“Just like the experience at the Derby,” he said. “All things went right, and then he winds up getting what is almost like an ingrown toenail. You’re talking about creatures that have large bodies and small legs. And things happen. Seth Hancock told me one time, you’ve got to learn to take the hard blows in this business… My good friend Don Dizney told me that it’s the lows that make the highs so good. There’s a lot of truth to that. If you can win 15, 20 percent of your races, they cover you pretty well. It’s like the baseball player who bats .300.”

Lunsford today is chairman and CEO of Lunsford Capital, a private investment company he founded in 2003. The companies he has founded include Vencor, a Fortune 500 company now known as Kindred Healthcare, and its spinoff real-estate company Ventas; Atria Communities, the third-largest assisted-living company in America; and Valor Healthcare, Inc., a company that develops and operates outpatient clinics for military veterans under the U.S. Department of Veterans Affairs.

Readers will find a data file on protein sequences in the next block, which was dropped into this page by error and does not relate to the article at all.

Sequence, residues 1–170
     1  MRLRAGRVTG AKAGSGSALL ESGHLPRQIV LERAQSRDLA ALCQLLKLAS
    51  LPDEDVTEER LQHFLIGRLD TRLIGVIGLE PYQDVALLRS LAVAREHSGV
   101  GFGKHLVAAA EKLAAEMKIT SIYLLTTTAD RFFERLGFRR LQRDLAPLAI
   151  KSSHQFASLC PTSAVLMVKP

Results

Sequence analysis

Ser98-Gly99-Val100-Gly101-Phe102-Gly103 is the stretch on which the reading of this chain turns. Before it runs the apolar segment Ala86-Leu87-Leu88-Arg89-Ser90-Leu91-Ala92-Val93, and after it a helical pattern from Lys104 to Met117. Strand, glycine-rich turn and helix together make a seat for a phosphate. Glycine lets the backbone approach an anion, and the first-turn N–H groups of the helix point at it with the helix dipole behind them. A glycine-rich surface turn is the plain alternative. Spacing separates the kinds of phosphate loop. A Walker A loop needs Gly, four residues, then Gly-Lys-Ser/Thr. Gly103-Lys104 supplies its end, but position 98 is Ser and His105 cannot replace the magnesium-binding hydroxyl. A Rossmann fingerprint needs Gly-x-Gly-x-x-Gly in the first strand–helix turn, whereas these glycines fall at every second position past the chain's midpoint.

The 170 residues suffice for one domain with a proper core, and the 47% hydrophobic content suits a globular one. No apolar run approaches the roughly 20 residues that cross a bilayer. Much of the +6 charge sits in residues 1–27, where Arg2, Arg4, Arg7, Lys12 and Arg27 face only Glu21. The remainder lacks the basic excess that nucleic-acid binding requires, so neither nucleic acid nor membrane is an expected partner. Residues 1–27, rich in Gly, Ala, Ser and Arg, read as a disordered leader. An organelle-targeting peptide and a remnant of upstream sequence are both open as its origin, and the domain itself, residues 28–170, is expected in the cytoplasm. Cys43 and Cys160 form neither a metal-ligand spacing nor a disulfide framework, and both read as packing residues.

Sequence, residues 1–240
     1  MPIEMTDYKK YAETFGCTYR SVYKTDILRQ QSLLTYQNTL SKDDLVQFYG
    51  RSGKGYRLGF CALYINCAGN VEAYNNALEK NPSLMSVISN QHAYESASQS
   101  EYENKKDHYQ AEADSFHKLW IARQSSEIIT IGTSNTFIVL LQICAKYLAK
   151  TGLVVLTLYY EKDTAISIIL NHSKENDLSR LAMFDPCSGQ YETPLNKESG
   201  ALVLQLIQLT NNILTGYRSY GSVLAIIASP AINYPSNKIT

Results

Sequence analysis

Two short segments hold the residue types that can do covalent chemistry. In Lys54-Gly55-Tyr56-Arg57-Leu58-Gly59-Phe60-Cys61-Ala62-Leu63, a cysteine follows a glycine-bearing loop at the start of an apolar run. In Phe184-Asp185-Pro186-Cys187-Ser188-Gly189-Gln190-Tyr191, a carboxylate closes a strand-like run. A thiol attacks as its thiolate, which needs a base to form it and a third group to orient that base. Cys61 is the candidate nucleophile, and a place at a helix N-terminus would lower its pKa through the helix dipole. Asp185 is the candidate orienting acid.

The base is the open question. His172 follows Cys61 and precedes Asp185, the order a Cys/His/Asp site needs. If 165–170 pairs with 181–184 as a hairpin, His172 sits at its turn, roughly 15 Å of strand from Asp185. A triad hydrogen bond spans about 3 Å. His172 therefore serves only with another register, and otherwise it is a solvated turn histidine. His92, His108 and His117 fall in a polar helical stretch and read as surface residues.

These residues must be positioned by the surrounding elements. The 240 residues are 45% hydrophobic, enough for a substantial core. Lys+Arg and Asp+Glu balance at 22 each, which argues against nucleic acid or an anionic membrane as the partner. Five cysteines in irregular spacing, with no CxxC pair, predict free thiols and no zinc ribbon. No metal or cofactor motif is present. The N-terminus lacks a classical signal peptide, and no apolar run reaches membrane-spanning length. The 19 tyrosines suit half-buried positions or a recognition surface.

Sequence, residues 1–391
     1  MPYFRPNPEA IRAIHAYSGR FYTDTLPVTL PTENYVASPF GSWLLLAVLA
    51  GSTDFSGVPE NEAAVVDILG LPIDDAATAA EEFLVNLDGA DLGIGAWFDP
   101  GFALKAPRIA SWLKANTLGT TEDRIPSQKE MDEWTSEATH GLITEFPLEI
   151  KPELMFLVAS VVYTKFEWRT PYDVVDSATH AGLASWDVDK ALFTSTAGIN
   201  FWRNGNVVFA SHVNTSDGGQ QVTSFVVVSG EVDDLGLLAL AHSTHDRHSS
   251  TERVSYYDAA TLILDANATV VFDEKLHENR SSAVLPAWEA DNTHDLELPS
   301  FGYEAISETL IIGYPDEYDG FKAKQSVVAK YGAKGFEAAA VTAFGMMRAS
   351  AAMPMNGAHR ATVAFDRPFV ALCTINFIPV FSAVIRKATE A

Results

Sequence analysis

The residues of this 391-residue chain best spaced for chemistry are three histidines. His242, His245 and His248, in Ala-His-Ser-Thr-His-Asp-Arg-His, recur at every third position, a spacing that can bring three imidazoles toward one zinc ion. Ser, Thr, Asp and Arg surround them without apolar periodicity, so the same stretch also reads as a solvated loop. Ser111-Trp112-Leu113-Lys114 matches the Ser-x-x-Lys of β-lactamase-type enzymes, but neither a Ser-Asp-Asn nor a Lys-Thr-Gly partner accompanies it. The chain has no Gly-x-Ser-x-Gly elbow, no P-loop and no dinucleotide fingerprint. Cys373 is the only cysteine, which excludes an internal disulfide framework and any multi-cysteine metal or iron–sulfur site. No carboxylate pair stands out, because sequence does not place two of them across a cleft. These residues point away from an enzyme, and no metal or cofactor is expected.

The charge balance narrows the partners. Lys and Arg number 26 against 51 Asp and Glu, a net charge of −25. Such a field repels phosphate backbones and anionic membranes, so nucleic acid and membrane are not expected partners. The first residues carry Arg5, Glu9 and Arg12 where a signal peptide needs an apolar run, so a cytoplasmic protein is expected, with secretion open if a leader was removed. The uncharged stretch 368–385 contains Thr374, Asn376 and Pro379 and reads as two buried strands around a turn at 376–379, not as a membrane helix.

“I was a start-up guy,” he said. “Now what I do is I invest in people that I think have it. I tell people I don’t invest in financial statements, I invest in people. When I realize they have the skillset, we try to give them the things they need to do to make it work.”

Drury is an example. Lunsford one day this summer asked Drury what he had going on for the week. The trainer mentioned the various trips he’d be making up and down the highway to Belterra Park and Ellis Park. “He said, ‘Man, we’ve got to get you to the point to where you’re not bouncing around so much,’” Drury recalled. “He said, ‘Better-quality horses is going to do that to you. We need to sit down and talk.’

“And that’s the kind of guy Bruce is. He’s always willing to help others. Always willing to try to help you reach your goal and get to the next level. It’s like the Blue Grass,” Drury continued, referencing Art Collector giving him his first graded-stakes victory. “It took me a long time to get to that. He knew that and I think he was genuinely happy for me. He’s got a heart the size of Texas. It makes you want to work that much harder and want to win that much more for people like that.”

Lunsford said that at this stage of his life, he only wants to do things that are fun and challenging.